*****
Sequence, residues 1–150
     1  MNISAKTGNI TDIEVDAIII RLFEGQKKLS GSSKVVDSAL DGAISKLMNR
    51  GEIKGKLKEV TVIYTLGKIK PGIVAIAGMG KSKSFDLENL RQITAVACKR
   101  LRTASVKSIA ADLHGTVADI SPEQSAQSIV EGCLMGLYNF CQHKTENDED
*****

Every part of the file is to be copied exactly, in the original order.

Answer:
Sequence, residues 1–150
     1  MNISAKTGNI TDIEVDAIII RLFEGQKKLS GSSKVVDSAL DGAISKLMNR
    51  GEIKGKLKEV TVIYTLGKIK PGIVAIAGMG KSKSFDLENL RQITAVACKR
   101  LRTASVKSIA ADLHGTVADI SPEQSAQSIV EGCLMGLYNF CQHKTENDED